Storing the stove in cookware or inside luggage is not advisable due to risk of contamination by fuel. Some petroleum stoves can also be used with gas canisters, but that seems counter-productive in terms of having minimal luggage. Pressurised petroleum stoves require more maintenance as they can clog up. Compared to any other stove type, they have more moving parts which are potential fail points.

I would probably take my MSR Whisperlite along on the adventure if gas canisters were not available or the conditions were extremely cold.

MSR Whisperlite: 305 g, fuel bottle 80 g, fuel 250 g, total 635 g

 

minitrangia(2)

Alcohol stoves are quiet, reliable, require minimal maintenance and the burner can be stored within the cookware and luggage, provided it’s burn’t dry. The downside is that they are bulky, require heavy liquid fuel that can’t be used on anything else, are inefficient and flame control is poor. For some reason the Trangia stoves are incredibly popular among hikers in the Nordic countries. It’s probably because it’s such a classic design, with the whole kitchen packed into one lump. Still, even carrying just the Trangia burner as a backup seems irrational due to the weight of the required fuel.

Mini Trangia: 330 g, fuel bottle 80 g, fuel 300 g, total 710 g (including pot and pan)

 

CUPS, POTS AND CUTLERY

 

potprimusetapot

sp1 sp2TIT

I carry one pot. A stainless steel relic, I’ve had for over a decade. Today my choice for material would be uncoated titanium. I like to keep the stove and canister inside the pot, which makes any kind of non-stick coating a short lived feature when riding. I prefer tall and narrow pots, because they are designed to fit the stove and gas canister inside snugly. The low and wide pots are more energy efficient though. Especially if they have a heat exchanger, like the Primus ETA. The downside with pots with heat exchangers is that they are heavier and can be tricky to place on the stove.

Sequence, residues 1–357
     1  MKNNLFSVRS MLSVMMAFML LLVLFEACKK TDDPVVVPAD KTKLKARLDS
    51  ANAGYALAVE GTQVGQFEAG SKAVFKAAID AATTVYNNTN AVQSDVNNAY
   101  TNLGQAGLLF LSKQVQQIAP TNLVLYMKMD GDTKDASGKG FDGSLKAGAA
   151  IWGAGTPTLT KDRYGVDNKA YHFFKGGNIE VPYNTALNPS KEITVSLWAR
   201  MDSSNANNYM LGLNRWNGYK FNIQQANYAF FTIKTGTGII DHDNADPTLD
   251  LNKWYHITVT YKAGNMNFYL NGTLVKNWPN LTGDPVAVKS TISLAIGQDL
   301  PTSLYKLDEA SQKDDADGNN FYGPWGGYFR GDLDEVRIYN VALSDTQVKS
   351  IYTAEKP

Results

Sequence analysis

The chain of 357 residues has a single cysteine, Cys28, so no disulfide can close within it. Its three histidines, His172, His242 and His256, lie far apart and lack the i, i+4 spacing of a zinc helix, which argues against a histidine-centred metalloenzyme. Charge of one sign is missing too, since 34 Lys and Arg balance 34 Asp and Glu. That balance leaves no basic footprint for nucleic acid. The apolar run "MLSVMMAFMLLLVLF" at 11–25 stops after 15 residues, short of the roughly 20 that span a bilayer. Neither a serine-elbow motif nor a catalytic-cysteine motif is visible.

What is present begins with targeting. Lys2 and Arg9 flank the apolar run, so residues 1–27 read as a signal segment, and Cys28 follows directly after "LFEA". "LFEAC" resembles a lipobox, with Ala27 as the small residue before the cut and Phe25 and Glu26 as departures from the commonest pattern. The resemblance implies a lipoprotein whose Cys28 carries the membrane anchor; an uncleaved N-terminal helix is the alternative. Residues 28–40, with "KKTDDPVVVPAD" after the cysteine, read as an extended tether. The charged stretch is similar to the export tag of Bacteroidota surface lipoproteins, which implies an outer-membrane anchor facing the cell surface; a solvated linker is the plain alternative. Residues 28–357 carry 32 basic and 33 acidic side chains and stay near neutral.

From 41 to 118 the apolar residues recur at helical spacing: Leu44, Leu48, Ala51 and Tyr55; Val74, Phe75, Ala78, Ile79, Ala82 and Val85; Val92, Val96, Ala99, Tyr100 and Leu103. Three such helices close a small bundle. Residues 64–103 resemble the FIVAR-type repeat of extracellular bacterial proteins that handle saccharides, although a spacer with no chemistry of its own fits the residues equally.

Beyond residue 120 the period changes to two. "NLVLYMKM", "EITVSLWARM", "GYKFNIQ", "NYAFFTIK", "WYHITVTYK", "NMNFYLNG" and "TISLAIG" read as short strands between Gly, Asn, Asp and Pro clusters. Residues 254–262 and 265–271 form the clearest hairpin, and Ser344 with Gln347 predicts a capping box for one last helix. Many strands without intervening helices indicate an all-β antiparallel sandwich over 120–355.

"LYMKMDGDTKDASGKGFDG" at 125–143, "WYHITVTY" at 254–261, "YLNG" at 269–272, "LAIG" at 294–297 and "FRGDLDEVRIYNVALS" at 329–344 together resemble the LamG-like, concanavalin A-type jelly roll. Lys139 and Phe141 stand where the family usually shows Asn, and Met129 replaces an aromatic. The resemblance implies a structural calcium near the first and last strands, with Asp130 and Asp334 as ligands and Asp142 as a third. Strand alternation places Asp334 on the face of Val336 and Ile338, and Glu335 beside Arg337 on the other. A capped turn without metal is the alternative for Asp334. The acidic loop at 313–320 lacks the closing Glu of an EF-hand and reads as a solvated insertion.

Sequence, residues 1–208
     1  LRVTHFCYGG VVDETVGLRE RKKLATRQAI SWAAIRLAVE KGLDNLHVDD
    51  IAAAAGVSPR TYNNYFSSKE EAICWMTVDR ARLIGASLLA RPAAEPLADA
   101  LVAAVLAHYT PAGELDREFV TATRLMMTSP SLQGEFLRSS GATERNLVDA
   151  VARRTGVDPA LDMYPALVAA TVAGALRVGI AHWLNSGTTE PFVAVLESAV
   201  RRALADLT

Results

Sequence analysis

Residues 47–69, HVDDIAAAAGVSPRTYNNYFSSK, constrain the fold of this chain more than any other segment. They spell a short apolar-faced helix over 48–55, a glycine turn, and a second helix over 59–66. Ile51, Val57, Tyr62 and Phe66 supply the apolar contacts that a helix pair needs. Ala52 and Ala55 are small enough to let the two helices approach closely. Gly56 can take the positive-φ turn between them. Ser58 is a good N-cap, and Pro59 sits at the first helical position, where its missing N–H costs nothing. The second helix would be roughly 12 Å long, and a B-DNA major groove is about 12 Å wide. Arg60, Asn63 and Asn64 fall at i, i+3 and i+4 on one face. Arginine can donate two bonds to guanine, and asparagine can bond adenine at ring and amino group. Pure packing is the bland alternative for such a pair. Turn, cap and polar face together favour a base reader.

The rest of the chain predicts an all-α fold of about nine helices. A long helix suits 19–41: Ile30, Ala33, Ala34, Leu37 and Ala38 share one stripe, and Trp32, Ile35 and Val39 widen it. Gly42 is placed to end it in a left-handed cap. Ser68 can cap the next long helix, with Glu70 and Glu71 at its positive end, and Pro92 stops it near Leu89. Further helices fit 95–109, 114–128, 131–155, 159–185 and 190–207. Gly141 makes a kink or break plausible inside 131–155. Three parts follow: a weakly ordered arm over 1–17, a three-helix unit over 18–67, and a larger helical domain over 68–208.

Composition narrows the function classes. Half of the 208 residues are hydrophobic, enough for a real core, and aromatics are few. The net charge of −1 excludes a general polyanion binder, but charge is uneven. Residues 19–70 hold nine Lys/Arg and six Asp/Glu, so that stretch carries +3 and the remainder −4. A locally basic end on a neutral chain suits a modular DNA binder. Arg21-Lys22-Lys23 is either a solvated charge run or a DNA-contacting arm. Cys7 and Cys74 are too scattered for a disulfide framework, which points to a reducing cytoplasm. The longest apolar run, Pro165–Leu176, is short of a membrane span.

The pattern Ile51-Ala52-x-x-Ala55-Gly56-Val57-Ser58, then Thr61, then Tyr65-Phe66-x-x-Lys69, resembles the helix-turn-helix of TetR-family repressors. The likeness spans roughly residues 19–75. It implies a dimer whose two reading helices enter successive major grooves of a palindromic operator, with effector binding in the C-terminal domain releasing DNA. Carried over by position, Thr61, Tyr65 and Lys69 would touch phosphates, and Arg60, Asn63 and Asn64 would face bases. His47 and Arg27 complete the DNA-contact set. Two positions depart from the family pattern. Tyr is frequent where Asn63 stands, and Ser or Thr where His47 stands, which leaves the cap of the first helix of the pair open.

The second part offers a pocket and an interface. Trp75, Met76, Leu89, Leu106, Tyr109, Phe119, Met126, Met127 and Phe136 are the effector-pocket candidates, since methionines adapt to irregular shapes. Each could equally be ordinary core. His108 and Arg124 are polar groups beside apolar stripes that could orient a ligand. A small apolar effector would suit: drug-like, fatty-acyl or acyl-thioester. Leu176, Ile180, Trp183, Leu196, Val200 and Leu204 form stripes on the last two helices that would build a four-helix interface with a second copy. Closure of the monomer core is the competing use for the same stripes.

Integrated folding handles can get hot during cooking, but you can never lose them or have to look for them as opposed to clamp handles. Having draining holes on the lid are very handy, if cooking pasta.

I think the ultimate pot would be something like the Snow Peak Ti-Mini Solo, were it equipped for the 230 g canister instead of the 110 g. It has all the required features and even a cup that slides to the bottom of the pot like a sleeve. Design poetry.

I carry a single spoon, don’t like sporks and find camping cutlery sets too extensive. My MSR Titan Tool spoon does it all and is light and handy for servicing the Whisperlite stove. To be honest, I don’t find a titanium spoon absolutely necessary and only have it because I found it on sale somewhere. I do prefer a metal spoon though, as it’s more hygienic than plastic and will not melt if left in the pot during cooking or touched by a naked flame. Metal is also more durable and will not break as easily as hard plastic. Some metal spoons can even be bent back into shape without breaking.

My cup is a classic white enamelled metal mug with a blue strip on the rim. It is the one thing where I’ve sacrificed weight and space over experience. A light folding rubber cup would be the logical choice, but I can’t bring myself to use them.

The thing is that Finns consume more coffee per capita than anyone else on the planet. We take it pretty seriously and I prefer to drink mine out of a mug in the morning. Not just any mug either, but something robust and solid. Something you can trust to hold the true black gold. Hence the enamelled mug.